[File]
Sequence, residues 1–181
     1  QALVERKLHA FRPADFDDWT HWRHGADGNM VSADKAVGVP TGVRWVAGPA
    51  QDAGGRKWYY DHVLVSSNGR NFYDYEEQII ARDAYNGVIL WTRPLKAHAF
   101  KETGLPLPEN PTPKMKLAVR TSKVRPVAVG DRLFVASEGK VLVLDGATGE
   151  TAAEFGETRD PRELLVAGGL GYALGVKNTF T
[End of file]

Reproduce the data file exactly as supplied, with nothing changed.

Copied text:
Sequence, residues 1–181
     1  QALVERKLHA FRPADFDDWT HWRHGADGNM VSADKAVGVP TGVRWVAGPA
    51  QDAGGRKWYY DHVLVSSNGR NFYDYEEQII ARDAYNGVIL WTRPLKAHAF
   101  KETGLPLPEN PTPKMKLAVR TSKVRPVAVG DRLFVASEGK VLVLDGATGE
   151  TAAEFGETRD PRELLVAGGL GYALGVKNTF T